- The Ford F-150 Raptor is one of the most capable off-roaders you can buy today.
- While it may stomp its stablemates with the going gets rough, performance on the street is no better than the F-150 Hybrid or Tremor.
- We're eager to drive the new V8-powered F-150 Raptor R, though details are scarce beyond the cylinder count.
Tested: 2021 Ford F-150 Raptor Is Slower Than the F-150 Hybrid
It's barely quicker than the last F-150 Raptor too
The Ford F-150 was fully redesigned for 2021, which means the most hardcore variant — the F-150 Raptor — is new too. Edmunds recently tested a few F-150 variants, and as you can discern from the headline, the results were a mix of surprise and disappointment. In particular, it's cool that the F-150 Hybrid is pretty fast, but less cool that the Raptor can't outrun it. Here are all the details from our test track.
How did the 2021 Ford Raptor perform?
As with the last generation, the Ford Raptor's 3.5-liter twin-turbocharged V6 makes 450 horsepower and 510 lb-ft of torque. It's paired with a 10-speed automatic transmission and standard four-wheel drive. For context, the F-150 Tremor — a slightly less hardcore F-150 variant — uses a less powerful version of the same engine that makes 400 horsepower and 500 lb-ft of torque. The real dark horse in this stable, meanwhile, is the F-150 Hybrid. It, too, uses a 3.5-liter turbocharged V6 engine, though it makes 430 horsepower and an astounding 570 lb-ft of torque thanks to electric assist.
|2021 Ford F-150 Raptor||12/06/21||5.8 sec||14.3 sec @ 92 mph||149 ft||0.71 g||5,961 lbs|
|2021 Ford F-150 Tremor||12/06/21||5.8 sec||14.1 sec @ 96.9 mph||142 ft||0.74 g||5,521 lbs|
|2021 Ford F-150 Hybrid||12/06/21||5.8 sec||14.1 sec @ 98.1 mph||138 ft||0.74 g||5,866 lbs|
|2019 Ford F-150 Raptor||3/11/19||5.9 sec||14.3 sec @ 94.5 mph||147 ft||0.72 g||n/a|
|2021 Ram 1500 TRX||7/12/21||4.2 sec||12.7 sec @ 106.5 mph||130 ft||0.74 g||6,713 lbs|
Remarkably, all three versions of the new F-150 posted identical 0-60 mph times, and the quarter-mile runs were within 0.2 second of each other. The trap speeds, though, show that the F-150 Hybrid was pulling harder than the Raptor or Tremor when it crossed the line. The last previous-generation Raptor we tested actually had a higher trap speed than the new 2021 model and was only 0.1 second slower to 60 mph. While it's not an apples-to-apples comparison (at least not until we see the Raptor R), we've also included test numbers for the Ram 1500 TRX. It's a frankly batty truck that features a supercharged 6.2-liter Hellcat V8 making 702 horsepower and 650 lb-ft of torque.
Torque, not horsepower
The Raptor's main obstacle is its list-topping curb weight (aside from the insane TRX), which is inflated a bit by its optional 37-inch tires. This is the heaviest truck of the F-150 trio we tested. The Raptor nonetheless has the best horsepower-to-weight ratio of the Fords but also the worst torque-to-weight ratio. The TRX beats the Raptor on both counts.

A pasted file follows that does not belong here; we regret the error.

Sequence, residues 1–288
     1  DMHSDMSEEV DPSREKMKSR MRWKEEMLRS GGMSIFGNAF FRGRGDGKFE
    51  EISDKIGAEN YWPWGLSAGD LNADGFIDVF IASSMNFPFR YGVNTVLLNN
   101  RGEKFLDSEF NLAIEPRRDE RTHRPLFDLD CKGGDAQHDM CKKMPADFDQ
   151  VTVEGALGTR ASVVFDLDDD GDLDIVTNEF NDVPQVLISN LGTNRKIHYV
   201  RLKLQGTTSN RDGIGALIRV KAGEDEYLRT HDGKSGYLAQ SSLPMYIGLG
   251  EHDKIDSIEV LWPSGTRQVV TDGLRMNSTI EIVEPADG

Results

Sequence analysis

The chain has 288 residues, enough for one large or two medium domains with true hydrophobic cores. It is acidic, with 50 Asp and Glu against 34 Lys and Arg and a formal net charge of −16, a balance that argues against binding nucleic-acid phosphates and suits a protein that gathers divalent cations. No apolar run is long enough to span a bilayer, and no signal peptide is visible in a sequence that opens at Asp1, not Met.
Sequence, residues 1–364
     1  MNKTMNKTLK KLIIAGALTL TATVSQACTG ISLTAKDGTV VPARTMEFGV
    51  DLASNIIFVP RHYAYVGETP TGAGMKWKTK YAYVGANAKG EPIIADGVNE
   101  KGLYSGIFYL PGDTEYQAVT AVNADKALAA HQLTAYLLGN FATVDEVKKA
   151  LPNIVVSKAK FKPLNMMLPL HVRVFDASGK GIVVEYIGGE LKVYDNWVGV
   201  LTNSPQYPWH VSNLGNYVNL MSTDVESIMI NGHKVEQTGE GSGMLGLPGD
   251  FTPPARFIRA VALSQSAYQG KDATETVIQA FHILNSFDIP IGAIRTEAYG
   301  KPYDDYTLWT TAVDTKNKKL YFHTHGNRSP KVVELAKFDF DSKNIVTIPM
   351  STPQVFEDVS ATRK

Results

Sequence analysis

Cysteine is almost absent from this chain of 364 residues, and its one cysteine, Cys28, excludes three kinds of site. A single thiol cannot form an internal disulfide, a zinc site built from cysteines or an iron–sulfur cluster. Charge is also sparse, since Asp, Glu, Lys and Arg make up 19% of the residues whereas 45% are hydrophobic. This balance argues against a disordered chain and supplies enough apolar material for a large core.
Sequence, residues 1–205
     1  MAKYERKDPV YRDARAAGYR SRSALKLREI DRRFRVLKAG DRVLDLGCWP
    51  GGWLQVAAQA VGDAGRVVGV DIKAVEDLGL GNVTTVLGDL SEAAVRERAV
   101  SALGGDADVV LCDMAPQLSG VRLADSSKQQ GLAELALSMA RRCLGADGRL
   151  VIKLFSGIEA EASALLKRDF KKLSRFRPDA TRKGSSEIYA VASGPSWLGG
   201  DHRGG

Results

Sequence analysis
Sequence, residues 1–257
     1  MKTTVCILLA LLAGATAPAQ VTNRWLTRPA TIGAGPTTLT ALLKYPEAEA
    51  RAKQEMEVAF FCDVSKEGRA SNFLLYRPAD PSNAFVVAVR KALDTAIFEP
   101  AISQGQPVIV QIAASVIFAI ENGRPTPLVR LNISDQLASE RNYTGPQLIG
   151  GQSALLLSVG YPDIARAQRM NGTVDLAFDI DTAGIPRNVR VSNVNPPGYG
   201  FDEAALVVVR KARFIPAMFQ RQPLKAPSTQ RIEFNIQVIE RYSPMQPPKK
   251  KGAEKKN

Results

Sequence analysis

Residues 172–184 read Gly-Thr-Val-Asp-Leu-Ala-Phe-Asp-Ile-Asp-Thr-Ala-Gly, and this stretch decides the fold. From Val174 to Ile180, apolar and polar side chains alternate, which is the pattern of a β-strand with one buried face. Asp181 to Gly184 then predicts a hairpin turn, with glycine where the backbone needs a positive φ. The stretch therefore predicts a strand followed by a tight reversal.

F-150 Raptor: 13.25 lbs/hp, 11.69 lbs/lb-ft
F-150 Tremor: 13.80 lbs/hp, 11.04 lbs/lb-ft
F-150 Hybrid: 13.64 lbs/hp, 10.29 lbs/lb-ft
Ram 1500 TRX: 9.56 lbs/hp, 10.32 lbs/lb-ft
While running the math, I noticed that the F-150 Hybrid actually has a slightly better torque-to-weight ratio than the TRX. I wanted to see if that was reflected anywhere in the test numbers, and sure enough I found something slightly interesting.
|2021 Ford F-150 Hybrid||2.2 sec||3.8 sec||5.8 sec||8.2 sec||14.1 sec @ 98.1 mph|
|2021 Ram 1500 TRX||1.7 sec||2.8 sec||4.2 sec||6.2 sec||12.7 sec @ 106.5 mph|
From a dead stop all the way to 75 mph, the TRX is pulling away from the F-150 Hybrid with a 2-second gap separating the pair. But look at the quarter mile. The TRX is still quicker, but the Hybrid has closed the gap to 1.4 seconds. That surprised me given that torque matters less the faster you go. The Hybrid's powertrain makes peak torque at 3,000 rpm while the TRX's engine makes it at 4,800, though the two trucks aren't hitting the same rpm at the same speeds. The Ford has a 10-speed automatic and the Ram an eight-speed auto. There could be any number of reasons why the Hybrid closes the gap. It could be gearing, weight, aero — remember that the Hybrid is much more aerodynamic than the TRX — or a combination of those and other factors.
For what it's worth, the F-150 Hybrid's powertrain is the smoothest of the bunch and makes the truck feel quicker on the street than either the Raptor or Tremor. It's hard to argue with the EPA-estimated fuel efficiency or the fact that it had the lowest as-tested price of the group.
The Ford F-150 Raptor might be mighty off-road, but we're disappointed that it's no quicker on pavement than some less special and less expensive F-150 variants. Unless you actually plan to take your Ford Raptor off-road, you may want to wait for the Raptor R, which should at least narrow the gap with the TRX and might even flip the script.